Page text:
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I am trying to solve the below exercise in Simmons.

(a) Let $U$ be the single-element set $\{1\}$. There are two subsets, the empty set $\emptyset$ and $\{1\}$ itself. If $A$ and $B$ are arbitrary subsets of $U$, there are four possible relations of the form $A \subseteq B$. Count the number of true relations among these.

(b) Let $U$ be the set $\{1,2\}$. There are four subsets. List them. If $A$ and $B$ are arbitrary subsets of $U$, there are $16$ possible relations of the form $A \subseteq B$. Count the number of true ones.

(c) Let $U$ be the set $\{1,2,3\}$. There are $8$ subsets. What are they? There are $64$ possible relations of the form $A \subseteq B$. Count the number of true ones.

(d) Let $U$ be the set $\{1,2, \ldots, n\}$ for an arbitrary positive integer $n$. How many subsets are there? How many possible relations of the form $A \subseteq B$ are there? Can you make an informed guess as to how many of these are true?

Here is my attempt at a solution.

(a) We have four possible relations: \begin{align*} & \emptyset \subset U & & \text{True; the empty set is a subset of every set} \\ & U \subset \emptyset & & \text{False; $1 \in U$} \\ & \emptyset \subset \emptyset & & \text{True; every set contains itself} \\ & U \subset U & & \text{True; every set contains itself} \end{align*} (b) There are four subsets: $$\emptyset, \{1\}, \{2\}, \{1,2\}.$$ Every set is a subset of itself, giving $4$ true relations. The empty subset is a subset of the other three subsets, giving $3$ more true relations. (And three false relations since the empty set is not a superset of the other three subsets.) The two single sets are subsets of $\{1,2\}$, giving $2$ more true relations. Further, they are not supersets of $\{1,2\}$. The singleton sets are not subsets of each other, giving two more false relations. All $16$ relations have been accounted for, so we have $$4 + 3 + 2 = 9$$ true relations.

(c) The possible subsets of $U = \{1,2,3\}$ are $$\emptyset, \{1\}, \{2,\}, \{3\}, \{1,2\}, \{1,3\}, \{2,3\}, \{1,2,3\}.$$ The empty set is a subset of every set, so that gives $8$ true relations. Every set is a subset of itself, giving $8$ more true relations. There are $\binom{3}{2} = 3$ singleton sets, which are not contained in any of the three three-element sets, giving three more $3 \cdot 3 = 9$ false relations. There are three two-element sets, none of which are contained in $\{1,2,3\}$, giving three more false relations. The three singleton sets aren't contained in each other, so that gives two more false relations. The three two-element sets are not contained in each other, so that gives two more false relations.

At this point, I'm having trouble completing this. Though I could surely do this by brute-force, there surely must be a good way to generalize it to $n$ element sets that I cannot think of at this moment.

Any hints on how to generalize would be appreciated.

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Your answers to (a) and (b) are correct, and you correctly listed the subsets of $\{1,2,3\}$, but your count of true relations among them of the form $A\subseteq B$ is incorrect: all of the subsets, including the two-element ones, are subsets of $\{1,2,3\}$. Correct brute force counting will yield a total of $27$ true relations.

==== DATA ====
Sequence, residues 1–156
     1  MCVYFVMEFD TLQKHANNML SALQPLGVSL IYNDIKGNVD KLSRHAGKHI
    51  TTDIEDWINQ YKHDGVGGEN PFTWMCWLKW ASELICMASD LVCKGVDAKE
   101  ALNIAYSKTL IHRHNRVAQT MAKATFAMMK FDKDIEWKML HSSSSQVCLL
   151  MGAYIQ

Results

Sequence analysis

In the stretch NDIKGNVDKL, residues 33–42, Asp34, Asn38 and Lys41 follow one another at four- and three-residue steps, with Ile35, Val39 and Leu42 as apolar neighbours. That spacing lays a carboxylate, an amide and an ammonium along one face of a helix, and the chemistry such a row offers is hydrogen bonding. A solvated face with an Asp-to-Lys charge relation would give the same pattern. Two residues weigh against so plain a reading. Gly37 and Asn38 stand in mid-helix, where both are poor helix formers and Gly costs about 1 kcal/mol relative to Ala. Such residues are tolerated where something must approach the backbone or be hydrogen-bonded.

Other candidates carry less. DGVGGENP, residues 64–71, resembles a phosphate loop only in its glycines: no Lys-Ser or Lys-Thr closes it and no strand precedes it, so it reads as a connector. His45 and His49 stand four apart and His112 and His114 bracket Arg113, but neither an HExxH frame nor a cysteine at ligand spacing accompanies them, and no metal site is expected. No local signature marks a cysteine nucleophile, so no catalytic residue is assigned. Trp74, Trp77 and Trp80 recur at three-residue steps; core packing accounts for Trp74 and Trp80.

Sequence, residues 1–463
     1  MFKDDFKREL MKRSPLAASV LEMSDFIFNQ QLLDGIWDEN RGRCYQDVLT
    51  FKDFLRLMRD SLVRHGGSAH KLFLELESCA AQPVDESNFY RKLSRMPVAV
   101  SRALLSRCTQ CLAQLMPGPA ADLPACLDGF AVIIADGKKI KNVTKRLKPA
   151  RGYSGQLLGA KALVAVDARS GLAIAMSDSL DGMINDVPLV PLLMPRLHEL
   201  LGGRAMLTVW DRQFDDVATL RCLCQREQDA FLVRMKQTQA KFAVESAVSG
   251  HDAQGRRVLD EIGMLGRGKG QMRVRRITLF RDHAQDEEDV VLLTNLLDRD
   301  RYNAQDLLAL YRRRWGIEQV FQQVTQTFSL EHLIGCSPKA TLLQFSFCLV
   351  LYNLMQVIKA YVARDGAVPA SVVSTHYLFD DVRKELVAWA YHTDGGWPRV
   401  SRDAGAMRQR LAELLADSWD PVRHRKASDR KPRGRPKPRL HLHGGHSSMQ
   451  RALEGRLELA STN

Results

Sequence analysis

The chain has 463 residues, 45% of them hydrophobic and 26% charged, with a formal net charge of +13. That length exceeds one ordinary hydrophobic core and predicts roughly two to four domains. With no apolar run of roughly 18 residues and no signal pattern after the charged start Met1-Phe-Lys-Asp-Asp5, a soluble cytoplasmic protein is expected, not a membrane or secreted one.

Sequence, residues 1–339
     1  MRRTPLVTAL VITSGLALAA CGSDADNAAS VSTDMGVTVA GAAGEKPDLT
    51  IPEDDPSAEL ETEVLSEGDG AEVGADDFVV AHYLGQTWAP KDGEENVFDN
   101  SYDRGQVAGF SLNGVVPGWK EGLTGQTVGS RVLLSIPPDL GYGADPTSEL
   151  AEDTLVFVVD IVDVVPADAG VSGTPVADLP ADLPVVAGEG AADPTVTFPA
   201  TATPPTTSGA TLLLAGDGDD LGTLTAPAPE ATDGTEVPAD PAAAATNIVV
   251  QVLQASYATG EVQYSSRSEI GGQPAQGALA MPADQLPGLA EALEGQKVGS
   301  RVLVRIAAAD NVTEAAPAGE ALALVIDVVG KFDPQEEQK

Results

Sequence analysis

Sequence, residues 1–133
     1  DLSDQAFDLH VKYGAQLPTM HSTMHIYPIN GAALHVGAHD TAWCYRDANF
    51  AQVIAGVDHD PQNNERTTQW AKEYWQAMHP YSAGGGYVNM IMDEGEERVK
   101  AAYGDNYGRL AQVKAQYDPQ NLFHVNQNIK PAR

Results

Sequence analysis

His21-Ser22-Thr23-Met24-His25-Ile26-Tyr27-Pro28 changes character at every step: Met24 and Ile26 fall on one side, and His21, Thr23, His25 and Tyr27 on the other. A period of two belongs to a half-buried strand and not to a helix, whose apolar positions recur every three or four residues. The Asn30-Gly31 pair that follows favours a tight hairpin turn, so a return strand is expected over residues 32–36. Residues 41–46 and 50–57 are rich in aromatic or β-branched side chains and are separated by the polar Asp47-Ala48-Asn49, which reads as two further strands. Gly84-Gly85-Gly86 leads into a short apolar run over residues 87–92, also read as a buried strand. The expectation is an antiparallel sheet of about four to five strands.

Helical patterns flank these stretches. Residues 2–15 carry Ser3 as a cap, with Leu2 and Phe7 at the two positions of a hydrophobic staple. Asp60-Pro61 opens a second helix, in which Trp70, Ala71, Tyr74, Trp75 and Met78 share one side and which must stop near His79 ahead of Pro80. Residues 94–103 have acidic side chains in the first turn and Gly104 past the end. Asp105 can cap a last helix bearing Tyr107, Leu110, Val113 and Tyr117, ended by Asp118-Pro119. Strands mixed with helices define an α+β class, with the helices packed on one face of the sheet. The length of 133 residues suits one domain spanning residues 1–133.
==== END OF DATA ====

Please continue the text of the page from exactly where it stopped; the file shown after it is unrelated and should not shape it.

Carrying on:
The numbers $3,9=3^2$, and $27=3^3$ of true relations when $U=\{1\}$, $U=\{1,2\}$, and $U=\{1,2,3\}$, respectively, suggest that for $U=\{1,2,\ldots,n\}$ the number of true relations probably ought to be $3^n$. This is not too hard to prove. We want to count the pairs $\langle A,B\rangle$ of subsets of $U$ such that $A\subseteq B$. We can build such a pair by running through $U$ one number at a time and deciding whether to put it in $A$, in $B\setminus A$, or in $U\setminus B$. In how many ways can such a sequence of $n$ decisions be made?

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  • $\begingroup$ Simmons: I don't get the last paragraph at all. what does the last question even mean? $\endgroup$ Commented Jun 9, 2023 at 4:13
  • $\begingroup$ @JiaoCtagon: $U=\{1,2,\ldots,n\}$. If $A\subseteq B\subseteq U$, $A$ and $B$ partition $U$ into three sets, $A$, $B\setminus A$, and $U\setminus B$: each $n\in U$ belongs to exactly one of these three sets. We can build a pair $\langle A,B\rangle$ by deciding for each $k\in U$ whether to put it in $A$, in $B\setminus A$, or in $U\setminus B$; that’s a $3$-way choice for each element of $U$. To distribute all of $U$ among the three sets $A,B\setminus A$, and $U\setminus B$ we must make a $3$-way choice for each of the $n$ elements of $U$. That’s a sequence of $n$ $3$-way choices. How many ... $\endgroup$ Commented Jun 9, 2023 at 5:22
  • $\begingroup$ ... different ways are there to make such a sequence of choices? It’s exactly like calculating the number of possible different sequences of heads and tails when a coin is tossed $n$ times, except that each toss of the coin has only $2$ possible results, while in our problem here each element of $U$ can be given any of $3$ outcomes. $\endgroup$ Commented Jun 9, 2023 at 5:24
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Lets consider $B$ has $r$ elements we can select $B$ in $n C r$ ways. For each $B$ we can find subsets of $0,1,2,...,r$ elements in $r C_0, r C_1, r C_2, ..., r C_r$ ways respectively. Therefore for $B$ with $r$ elements there are $r C_0 + r C_1 + r C_2 + ... + r C_r = 2^r$ subsets. Therefore in total, number of true relations equals $n C_0 2^0 + n C_1 2^1 + ... + n C_n 2^n = 3^n$.

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